Oral allergy syndrome most often occurs in older school-aged children, teens and young adults who have an allergy to pollen. About one-third of pollen allergy sufferers also have oral allergy syndrome. Oral allergy syndrome can occur at any time of year but could be potentially worse during a specific time of year such as spring, fall or summer when the pollen is present.
Pollens are contained in trees such as birch, grass and weeds including ragweed. If a person is sensitive to a certain kind of pollen, their body reacts to the raw fruits and vegetables that have proteins similar to those pollens they are allergic to.
If a person has a birch tree pollen allergy, they could have issues eating an apple, almond, hazelnut or carrot. Grass pollen allergy sufferers may have problems with melons, peaches and/or tomatoes. Banana, cucumber and melons could cause oral allergy syndrome in people with a ragweed pollen allergy.
After eating a raw fruit or vegetable, a person with oral allergy syndrome will have a localized reaction that could involve the mouth, face, lip, tongue or throat. Tingling, burning or swelling could occur. Usually once the raw fruit or vegetable is swallowed the protein in the food are broken down in the digestive process and do not travel past the stomach. An estimated 2 percent of oral allergy syndrome cases unfortunately progress to becoming a serious life threatening allergy.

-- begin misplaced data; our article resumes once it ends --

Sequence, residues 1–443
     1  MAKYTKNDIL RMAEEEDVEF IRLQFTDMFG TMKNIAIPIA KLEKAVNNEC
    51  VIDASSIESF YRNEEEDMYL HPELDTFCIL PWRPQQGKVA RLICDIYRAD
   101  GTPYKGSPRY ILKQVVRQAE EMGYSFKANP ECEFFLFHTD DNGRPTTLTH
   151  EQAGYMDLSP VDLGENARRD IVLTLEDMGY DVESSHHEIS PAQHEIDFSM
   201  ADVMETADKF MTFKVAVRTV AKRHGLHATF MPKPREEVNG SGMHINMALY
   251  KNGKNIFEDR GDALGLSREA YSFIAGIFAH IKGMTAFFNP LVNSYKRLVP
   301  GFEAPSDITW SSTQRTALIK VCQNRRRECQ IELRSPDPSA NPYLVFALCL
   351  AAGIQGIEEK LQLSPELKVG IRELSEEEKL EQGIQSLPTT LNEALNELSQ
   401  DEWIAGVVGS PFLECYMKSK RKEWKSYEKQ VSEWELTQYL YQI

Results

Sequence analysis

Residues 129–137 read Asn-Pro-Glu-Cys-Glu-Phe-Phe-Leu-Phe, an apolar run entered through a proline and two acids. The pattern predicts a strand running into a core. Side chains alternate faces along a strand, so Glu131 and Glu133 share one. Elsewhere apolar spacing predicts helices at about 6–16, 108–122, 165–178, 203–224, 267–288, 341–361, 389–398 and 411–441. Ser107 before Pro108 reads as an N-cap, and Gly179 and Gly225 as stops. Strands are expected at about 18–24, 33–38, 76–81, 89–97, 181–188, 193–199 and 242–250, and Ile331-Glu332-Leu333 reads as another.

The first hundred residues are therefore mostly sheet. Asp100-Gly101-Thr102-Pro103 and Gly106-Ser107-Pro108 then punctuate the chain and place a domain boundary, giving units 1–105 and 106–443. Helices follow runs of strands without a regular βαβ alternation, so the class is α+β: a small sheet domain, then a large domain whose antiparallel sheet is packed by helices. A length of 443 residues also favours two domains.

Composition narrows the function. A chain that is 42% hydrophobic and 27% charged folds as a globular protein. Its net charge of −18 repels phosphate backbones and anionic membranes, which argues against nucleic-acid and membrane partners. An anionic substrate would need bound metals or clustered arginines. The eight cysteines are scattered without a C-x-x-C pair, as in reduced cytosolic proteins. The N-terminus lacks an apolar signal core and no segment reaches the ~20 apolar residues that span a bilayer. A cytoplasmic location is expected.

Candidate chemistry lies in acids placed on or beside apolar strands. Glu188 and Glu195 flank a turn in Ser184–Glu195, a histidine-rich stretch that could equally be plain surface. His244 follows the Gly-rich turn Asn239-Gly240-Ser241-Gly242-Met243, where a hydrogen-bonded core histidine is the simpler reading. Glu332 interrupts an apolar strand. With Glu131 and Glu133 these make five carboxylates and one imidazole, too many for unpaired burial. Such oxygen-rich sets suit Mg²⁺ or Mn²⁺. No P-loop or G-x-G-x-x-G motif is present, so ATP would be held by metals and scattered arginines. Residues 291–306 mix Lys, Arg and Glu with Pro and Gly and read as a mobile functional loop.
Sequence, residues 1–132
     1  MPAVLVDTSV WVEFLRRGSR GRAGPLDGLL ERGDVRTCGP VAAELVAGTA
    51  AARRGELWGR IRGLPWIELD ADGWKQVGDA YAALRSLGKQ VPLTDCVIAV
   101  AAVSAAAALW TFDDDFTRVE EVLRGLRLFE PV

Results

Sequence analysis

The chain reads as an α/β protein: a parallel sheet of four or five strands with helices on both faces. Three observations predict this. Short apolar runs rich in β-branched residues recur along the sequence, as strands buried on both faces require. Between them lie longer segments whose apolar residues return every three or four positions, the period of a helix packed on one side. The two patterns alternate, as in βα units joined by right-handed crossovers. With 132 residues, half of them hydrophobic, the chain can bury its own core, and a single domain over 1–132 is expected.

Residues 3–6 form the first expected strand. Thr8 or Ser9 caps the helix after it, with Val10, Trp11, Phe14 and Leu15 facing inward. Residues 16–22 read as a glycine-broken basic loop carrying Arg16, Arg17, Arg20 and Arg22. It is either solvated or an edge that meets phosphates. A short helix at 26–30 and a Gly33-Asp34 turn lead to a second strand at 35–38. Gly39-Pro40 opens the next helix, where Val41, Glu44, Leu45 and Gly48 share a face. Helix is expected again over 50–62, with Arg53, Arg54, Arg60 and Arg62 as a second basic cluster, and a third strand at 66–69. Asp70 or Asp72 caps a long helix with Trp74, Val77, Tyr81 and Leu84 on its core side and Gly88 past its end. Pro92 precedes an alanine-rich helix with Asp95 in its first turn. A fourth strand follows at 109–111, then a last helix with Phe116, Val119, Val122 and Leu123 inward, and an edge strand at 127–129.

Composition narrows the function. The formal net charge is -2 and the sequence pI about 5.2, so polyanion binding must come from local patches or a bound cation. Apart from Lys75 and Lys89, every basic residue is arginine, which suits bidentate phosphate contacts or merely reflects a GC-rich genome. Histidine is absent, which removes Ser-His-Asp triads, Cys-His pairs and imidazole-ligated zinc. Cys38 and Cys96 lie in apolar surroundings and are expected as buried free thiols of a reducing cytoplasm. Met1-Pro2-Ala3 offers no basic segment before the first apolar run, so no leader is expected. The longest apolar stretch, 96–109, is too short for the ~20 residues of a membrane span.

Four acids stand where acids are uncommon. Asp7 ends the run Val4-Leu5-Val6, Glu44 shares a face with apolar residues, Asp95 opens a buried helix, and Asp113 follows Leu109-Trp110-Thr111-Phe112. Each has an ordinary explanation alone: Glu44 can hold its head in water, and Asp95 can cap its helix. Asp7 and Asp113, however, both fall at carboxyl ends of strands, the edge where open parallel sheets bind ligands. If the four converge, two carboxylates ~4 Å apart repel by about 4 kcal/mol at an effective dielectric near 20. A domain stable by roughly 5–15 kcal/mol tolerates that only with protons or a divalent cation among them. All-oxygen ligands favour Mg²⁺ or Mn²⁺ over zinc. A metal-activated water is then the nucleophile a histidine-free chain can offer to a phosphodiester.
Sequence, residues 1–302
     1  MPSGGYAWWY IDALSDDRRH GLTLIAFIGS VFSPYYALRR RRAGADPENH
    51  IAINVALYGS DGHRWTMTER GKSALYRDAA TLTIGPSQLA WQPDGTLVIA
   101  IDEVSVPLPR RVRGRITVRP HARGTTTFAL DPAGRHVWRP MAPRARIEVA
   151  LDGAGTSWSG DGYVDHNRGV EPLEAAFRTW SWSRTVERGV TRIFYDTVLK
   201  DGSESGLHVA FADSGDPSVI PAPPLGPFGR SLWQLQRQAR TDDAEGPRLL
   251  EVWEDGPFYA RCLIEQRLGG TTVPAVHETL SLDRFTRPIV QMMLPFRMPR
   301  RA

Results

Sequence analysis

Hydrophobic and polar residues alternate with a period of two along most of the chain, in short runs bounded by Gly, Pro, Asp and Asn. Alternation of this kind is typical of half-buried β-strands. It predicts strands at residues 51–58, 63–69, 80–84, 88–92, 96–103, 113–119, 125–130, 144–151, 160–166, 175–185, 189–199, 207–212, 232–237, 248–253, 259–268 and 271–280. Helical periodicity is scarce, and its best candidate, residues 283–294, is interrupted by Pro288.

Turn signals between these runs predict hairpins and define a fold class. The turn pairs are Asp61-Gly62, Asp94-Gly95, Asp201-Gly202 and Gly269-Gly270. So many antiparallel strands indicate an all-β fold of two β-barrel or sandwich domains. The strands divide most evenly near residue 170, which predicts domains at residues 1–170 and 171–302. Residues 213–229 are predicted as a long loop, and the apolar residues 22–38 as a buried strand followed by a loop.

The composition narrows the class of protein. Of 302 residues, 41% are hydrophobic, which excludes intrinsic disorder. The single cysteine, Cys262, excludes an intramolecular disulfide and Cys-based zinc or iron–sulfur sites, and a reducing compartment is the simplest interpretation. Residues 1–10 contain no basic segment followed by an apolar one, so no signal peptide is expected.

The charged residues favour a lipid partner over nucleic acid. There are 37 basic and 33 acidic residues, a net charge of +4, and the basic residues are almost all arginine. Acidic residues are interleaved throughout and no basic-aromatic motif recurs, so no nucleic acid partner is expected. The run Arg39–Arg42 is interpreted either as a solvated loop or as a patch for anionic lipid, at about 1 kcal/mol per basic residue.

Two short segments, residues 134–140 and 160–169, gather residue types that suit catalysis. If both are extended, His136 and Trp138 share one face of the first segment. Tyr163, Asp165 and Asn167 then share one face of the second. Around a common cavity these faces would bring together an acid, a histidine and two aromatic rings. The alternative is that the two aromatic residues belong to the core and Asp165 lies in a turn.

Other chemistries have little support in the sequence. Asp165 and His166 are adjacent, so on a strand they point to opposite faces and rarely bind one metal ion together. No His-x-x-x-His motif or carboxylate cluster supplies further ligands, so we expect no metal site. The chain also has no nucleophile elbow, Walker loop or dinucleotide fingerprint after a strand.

If your child complains of tingling, burning or swelling of the mouth, face, throat, lip or tongue for a minute or so after eating a raw fruit, vegetable, almond, hazelnut or sunflower seeds make sure you notify your primary care provider. Allergy testing may be indicated. If symptoms of oral allergy syndrome are present, linger and also include hives, nausea, tightening of the throat or difficulty breathing, your child also could have a life threatening allergy especially to nuts and need emergent care.
If oral allergy syndrome is diagnosed, keep a food diary, record the specific symptoms and note the duration of symptoms experienced after the ingestion of suspected raw fruits and vegetables. Make sure to notify your school nurse of the diagnosis of oral allergy syndrome, so precautions can be taken at school.
If your child is diagnosed with oral allergy syndrome have your child avoid the raw fruits and vegetables that trigger his/her symptoms. Instead of having a raw apple, your child could have applesauce or a baked apple since high temperatures break down the proteins responsible for oral allergy syndrome.